5. 5. Journal of Environment and Earth ScienceISSN 2224-3216 (Paper) ISSN 2225Vol. 3, No.4, 2013Results and DiscussingTable 1. Agriculture impacts on water qualityFebruary MarchPAR US MS DS MeanSTDUSDO(Mg/1)9.4 8.9 9.049.11±0.26 (9.37 -885)6.8TEM( C)⁰19.119.419.519.33±0.2(19.53-19.13)26.9NOᴣ(mg/1)4.5 3.984.954.5±0.5(5.00-4.00)4.48PO (m⁰g/1)2. 1 2 2.4 2.17±0.2(2.37-1.97)2.5EC(ppm)0.760.980.770.84±0.12(0.96-0.72)0.86TUR(NTU)18 17.018.017.70±0.6(18.30-17.1)26TDS 76.8675.6574.4475.70±1.2(76.90-74.5)97.98Key:DO: Dissolved Oxygen, TEM: Temperature, EC: Electrical Conductivity, TUR: Turbidity, TDS: Total Dissolvedsolid, US: Upstream, DS: Downstream, MS: Mid stream, STD: Standard deviation, PAR: ParametersFrom the table3, there is increase in Nitrates level in every month from February to April except from April toMay which it remained the same as 5.63mg/l. The Phosphates lto May which it decreased from 4.25mgl to 3.2 mg/lThe Electoral Conductivity levels also increased in every month from February to May but small incrase wasrealized from April to May which is 0.03ppm as cowere 0.2 and 0.3 ppm respectively.Turbidity level on the hand increased in every month from February to May but increase rates were reduced.From February to March it increased by 8.3 NTU; March to Aincreased by 0.37 NTU. The same trend of changes were observed in the Total Dissolved Solids as it increasedfrom February to March by 25.02 mg/l; March to April by 9.28mg/l and April toMay by 2.3mg/l. The changes the parameters were attributed to the rainfall and the quantity of the water butnot all the rainfalls resulted runoff.The changes in Dissolved Oxygen and Temperature have been represented by the graph that follows becausethey are relatedJournal of Environment and Earth Science3216 (Paper) ISSN 2225-0948 (Online)36Table 1. Agriculture impacts on water qualityMarch APRILMS DS MeanSTDUSMS DS MeanSTD6.10 6.5 6.5±0.35(6.98-6.15)4.6 4.1 4.3 4.33±0.25 (4.58-4.08)27 27.527.13±0.3(27.43-26.83)34 34.934.5 34.5± 0.45(34.95-34.05)4.5 4.984.7±0.3(5.00-4.40) 5.5 5.8 5.6 5.63±1.5(7.1-4.13)2.8 2.682.7±0.15(2.85-2.55)6.2 3.463.08 4.25±2(6.25-2.25)1.05 0.981±096(1.96-0.04) 1.151.061.05 1.09±0.6(30.6-29.4)27 25 26.00±1.4(27.4-24.6)31.030.030.3330±0.6(30.6-29.4)105.6598.55100.75±4.3(105.05-96.45)110112.4110.60111±1.24(112.24-109.76)DO: Dissolved Oxygen, TEM: Temperature, EC: Electrical Conductivity, TUR: Turbidity, TDS: Total DissolvedUpstream, DS: Downstream, MS: Mid stream, STD: Standard deviation, PAR: ParametersFrom the table3, there is increase in Nitrates level in every month from February to April except from April toMay which it remained the same as 5.63mg/l. The Phosphates level also increase in every month from the Aprilto May which it decreased from 4.25mgl to 3.2 mg/lThe Electoral Conductivity levels also increased in every month from February to May but small incrase wasrealized from April to May which is 0.03ppm as compared to from February to March and March to May whichTurbidity level on the hand increased in every month from February to May but increase rates were reduced.From February to March it increased by 8.3 NTU; March to April it increased by 4.33 NTU and April to May itincreased by 0.37 NTU. The same trend of changes were observed in the Total Dissolved Solids as it increasedfrom February to March by 25.02 mg/l; March to April by 9.28mg/l and April toThe changes the parameters were attributed to the rainfall and the quantity of the water butThe changes in Dissolved Oxygen and Temperature have been represented by the graph that follows becausewww.iiste.orgMAYUSMS DS MeanSTD3.993.043.7 3.6±0.5(4.1-3.1)30.931.231.631.23±0.35(31.58-30.88)5.6 5.7 5.6 5.63±0.1(5.73-5.53)3.3 3.1 3.083.2±0.12(3.32-3.08)1.151.061.051.1±0.02(1.12-1.08)31.030.031.030.7±0.6(31.30-30.1)111114.2111.7112.3±2(114.3-110.3)DO: Dissolved Oxygen, TEM: Temperature, EC: Electrical Conductivity, TUR: Turbidity, TDS: Total DissolvedUpstream, DS: Downstream, MS: Mid stream, STD: Standard deviation, PAR: ParametersFrom the table3, there is increase in Nitrates level in every month from February to April except from April toevel also increase in every month from the AprilThe Electoral Conductivity levels also increased in every month from February to May but small incrase wasmpared to from February to March and March to May whichTurbidity level on the hand increased in every month from February to May but increase rates were reduced.pril it increased by 4.33 NTU and April to May itincreased by 0.37 NTU. The same trend of changes were observed in the Total Dissolved Solids as it increasedThe changes the parameters were attributed to the rainfall and the quantity of the water butThe changes in Dissolved Oxygen and Temperature have been represented by the graph that follows because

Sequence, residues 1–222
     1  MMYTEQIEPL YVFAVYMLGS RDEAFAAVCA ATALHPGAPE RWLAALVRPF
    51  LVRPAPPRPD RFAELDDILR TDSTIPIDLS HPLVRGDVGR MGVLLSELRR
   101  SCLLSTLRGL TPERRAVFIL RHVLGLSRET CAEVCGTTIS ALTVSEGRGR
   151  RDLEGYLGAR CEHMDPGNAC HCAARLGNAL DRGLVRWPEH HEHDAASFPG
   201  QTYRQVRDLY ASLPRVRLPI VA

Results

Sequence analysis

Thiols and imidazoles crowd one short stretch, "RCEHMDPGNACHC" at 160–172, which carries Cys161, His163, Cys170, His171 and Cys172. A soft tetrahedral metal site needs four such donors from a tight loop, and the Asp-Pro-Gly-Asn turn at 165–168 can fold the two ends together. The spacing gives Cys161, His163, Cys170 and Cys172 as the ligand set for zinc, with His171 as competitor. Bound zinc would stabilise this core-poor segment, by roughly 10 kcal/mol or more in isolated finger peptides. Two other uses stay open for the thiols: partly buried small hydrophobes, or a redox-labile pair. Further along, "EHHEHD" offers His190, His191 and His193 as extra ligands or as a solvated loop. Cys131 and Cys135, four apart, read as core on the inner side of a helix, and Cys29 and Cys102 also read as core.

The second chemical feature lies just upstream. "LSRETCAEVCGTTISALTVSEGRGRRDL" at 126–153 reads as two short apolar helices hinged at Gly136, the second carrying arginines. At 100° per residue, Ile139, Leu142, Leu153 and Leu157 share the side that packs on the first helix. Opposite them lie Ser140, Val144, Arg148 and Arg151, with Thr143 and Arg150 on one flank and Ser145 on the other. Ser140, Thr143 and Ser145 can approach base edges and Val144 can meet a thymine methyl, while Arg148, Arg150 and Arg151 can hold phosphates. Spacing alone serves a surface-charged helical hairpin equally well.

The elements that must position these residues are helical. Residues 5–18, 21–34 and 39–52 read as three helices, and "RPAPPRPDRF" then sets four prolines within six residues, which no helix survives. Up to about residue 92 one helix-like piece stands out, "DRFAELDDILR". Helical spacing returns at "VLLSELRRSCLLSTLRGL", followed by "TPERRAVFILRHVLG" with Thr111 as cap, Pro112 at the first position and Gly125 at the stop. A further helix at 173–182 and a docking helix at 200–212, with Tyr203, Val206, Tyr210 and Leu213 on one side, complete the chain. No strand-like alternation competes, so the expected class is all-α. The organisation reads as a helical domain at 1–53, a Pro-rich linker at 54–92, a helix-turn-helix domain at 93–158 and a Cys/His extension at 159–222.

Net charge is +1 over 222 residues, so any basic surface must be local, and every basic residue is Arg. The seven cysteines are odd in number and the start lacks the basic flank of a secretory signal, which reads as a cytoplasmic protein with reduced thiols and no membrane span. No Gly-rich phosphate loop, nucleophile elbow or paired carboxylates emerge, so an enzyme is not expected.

6. 6. Journal of Environment and Earth ScienceISSN 2224-3216 (Paper) ISSN 2225Vol. 3, No.4, 2013FIG: 2 A graph showing monthly average temperature and dissolved oxygen of Bulpeila in 2008From the Graph, as the Temperature increases, dissolved oxygen decreasesResults of the analysis indicate the anthropogenic activities in the catchments areas of Bulpmultiple land use practices have led to the conveyance of excess nutrients loads into the dam through erosion andrunoff. These land use practices have influenced the water quality because according to Dannis et al..,(1988), thequantity and quality of water depends to a large degree on land usage and human activities within thewatershed. The clearing of land for human settlement and farming has rendered the site more prunes to soilerosion by rain or wind to discharge organic and inorganicprominent uses of land including agriculture, timber harvest or deforestation, urbanization and mining affectrunoff flows in watersheds and this supports what was said by Omerik, (1976)Runoff from nonpoint sources pollutants such as feedlots or animal corals and waste products from humansettlement and construction sites have entered the water body to increase the turbidity, total dissolved soils,nitrates and phosphates levels as Chiras (1994) pointHuman and animal wastes such as urine and faeces as these are sources of nutrients that wash into water bodies.Organic and inorganic fertilizer such as manure, NPK, 15dieldrin) from the farms in the catchments areas that washed into the dam have increased nitrates and phosphateslevels of the water as Nielsen et al.., (1978) reported that “Agricultural lands show high import of dissolvednutrients in the form of nitrates and phosphates as a result of fertilizer application and loss of forest cover”.Feaces and urine from the grazing animals; human waste from their defecations in the catchment areas and therefuse dumped at the place close to the dam havphosphates level.The effluents of the laundry detergents from the washing of clothes and vehicle in the catchments areas containsynthetic phosphates, called tripolyphosphates (TTPs) whiclevel in the dam and this confirms that of Chiras(1994). A phosphate is however, a common limiting factor infreshwater (dam) and extra phosphates results in excess growth of plants so characteristic ofeutrophication. Eutrophication in lake/dam leads to the falling of oxygen level. The turbity of the water increase,and detritus then sediments out on the bed of the lake/dam according to Janus and Vollenweader (1981).Increased use of phosphate containing detergent; increased use of nitrate fertilizers which has resulted inincreased leaching from the soil into the dam; drainage or washing from intensive feedlots/animal corals andbank erosion have led to eutrophication. This is becausinfluenced by the human activities occurred as a result these use practices.Also sediment from poor farming practices, overgrazing and careless trees cutting has led to the deposition ofthese sediment in the dam resulting in a gradual widening of the channel and according to Chiras(1994) asstreams fill, they become shallow. Water temperature may rise lowering the amount of dissolved oxygen andmaking the water more vulnerable to organic pollutants th05101520253035FEBURARY, 2008 MARCH, 2008Journal of Environment and Earth Science3216 (Paper) ISSN 2225-0948 (Online)37G: 2 A graph showing monthly average temperature and dissolved oxygen of Bulpeila in 2008From the Graph, as the Temperature increases, dissolved oxygen decreasesResults of the analysis indicate the anthropogenic activities in the catchments areas of Bulpmultiple land use practices have led to the conveyance of excess nutrients loads into the dam through erosion andrunoff. These land use practices have influenced the water quality because according to Dannis et al..,(1988), thequality of water depends to a large degree on land usage and human activities within thewatershed. The clearing of land for human settlement and farming has rendered the site more prunes to soilerosion by rain or wind to discharge organic and inorganic nutrients into the dam. This is because vegetation andprominent uses of land including agriculture, timber harvest or deforestation, urbanization and mining affectrunoff flows in watersheds and this supports what was said by Omerik, (1976)onpoint sources pollutants such as feedlots or animal corals and waste products from humansettlement and construction sites have entered the water body to increase the turbidity, total dissolved soils,nitrates and phosphates levels as Chiras (1994) points out that water pollution is predominately caused byHuman and animal wastes such as urine and faeces as these are sources of nutrients that wash into water bodies.Organic and inorganic fertilizer such as manure, NPK, 15-15-15, ammonia as well as pesticdieldrin) from the farms in the catchments areas that washed into the dam have increased nitrates and phosphateslevels of the water as Nielsen et al.., (1978) reported that “Agricultural lands show high import of dissolvedhe form of nitrates and phosphates as a result of fertilizer application and loss of forest cover”.Feaces and urine from the grazing animals; human waste from their defecations in the catchment areas and therefuse dumped at the place close to the dam have also increased its turbity, total dissolved solids’, nitrates andThe effluents of the laundry detergents from the washing of clothes and vehicle in the catchments areas containsynthetic phosphates, called tripolyphosphates (TTPs) which as a result of erosion has increased the phosphateslevel in the dam and this confirms that of Chiras(1994). A phosphate is however, a common limiting factor infreshwater (dam) and extra phosphates results in excess growth of plants so characteristic ofeutrophication. Eutrophication in lake/dam leads to the falling of oxygen level. The turbity of the water increase,and detritus then sediments out on the bed of the lake/dam according to Janus and Vollenweader (1981).phosphate containing detergent; increased use of nitrate fertilizers which has resulted inincreased leaching from the soil into the dam; drainage or washing from intensive feedlots/animal corals andbank erosion have led to eutrophication. This is because; according to Byrne (1997) accelerated europhicationinfluenced by the human activities occurred as a result these use practices.Also sediment from poor farming practices, overgrazing and careless trees cutting has led to the deposition oft in the dam resulting in a gradual widening of the channel and according to Chiras(1994) asstreams fill, they become shallow. Water temperature may rise lowering the amount of dissolved oxygen andmaking the water more vulnerable to organic pollutants that deplete oxygen. This is why a rise of temperatureMARCH, 2008 APRIL,2008 MAY, 2008www.iiste.orgG: 2 A graph showing monthly average temperature and dissolved oxygen of Bulpeila in 2008Results of the analysis indicate the anthropogenic activities in the catchments areas of Bulpiela dam. Themultiple land use practices have led to the conveyance of excess nutrients loads into the dam through erosion andrunoff. These land use practices have influenced the water quality because according to Dannis et al..,(1988), thequality of water depends to a large degree on land usage and human activities within thewatershed. The clearing of land for human settlement and farming has rendered the site more prunes to soilnutrients into the dam. This is because vegetation andprominent uses of land including agriculture, timber harvest or deforestation, urbanization and mining affectonpoint sources pollutants such as feedlots or animal corals and waste products from humansettlement and construction sites have entered the water body to increase the turbidity, total dissolved soils,s out that water pollution is predominately caused byHuman and animal wastes such as urine and faeces as these are sources of nutrients that wash into water bodies.15, ammonia as well as pesticides (roundup anddieldrin) from the farms in the catchments areas that washed into the dam have increased nitrates and phosphateslevels of the water as Nielsen et al.., (1978) reported that “Agricultural lands show high import of dissolvedhe form of nitrates and phosphates as a result of fertilizer application and loss of forest cover”.Feaces and urine from the grazing animals; human waste from their defecations in the catchment areas and thee also increased its turbity, total dissolved solids’, nitrates andThe effluents of the laundry detergents from the washing of clothes and vehicle in the catchments areas containh as a result of erosion has increased the phosphateslevel in the dam and this confirms that of Chiras(1994). A phosphate is however, a common limiting factor infreshwater (dam) and extra phosphates results in excess growth of plants so characteristic of the early stages ofeutrophication. Eutrophication in lake/dam leads to the falling of oxygen level. The turbity of the water increase,and detritus then sediments out on the bed of the lake/dam according to Janus and Vollenweader (1981).phosphate containing detergent; increased use of nitrate fertilizers which has resulted inincreased leaching from the soil into the dam; drainage or washing from intensive feedlots/animal corals ande; according to Byrne (1997) accelerated europhicationAlso sediment from poor farming practices, overgrazing and careless trees cutting has led to the deposition oft in the dam resulting in a gradual widening of the channel and according to Chiras(1994) asstreams fill, they become shallow. Water temperature may rise lowering the amount of dissolved oxygen andat deplete oxygen. This is why a rise of temperatureTEMPDO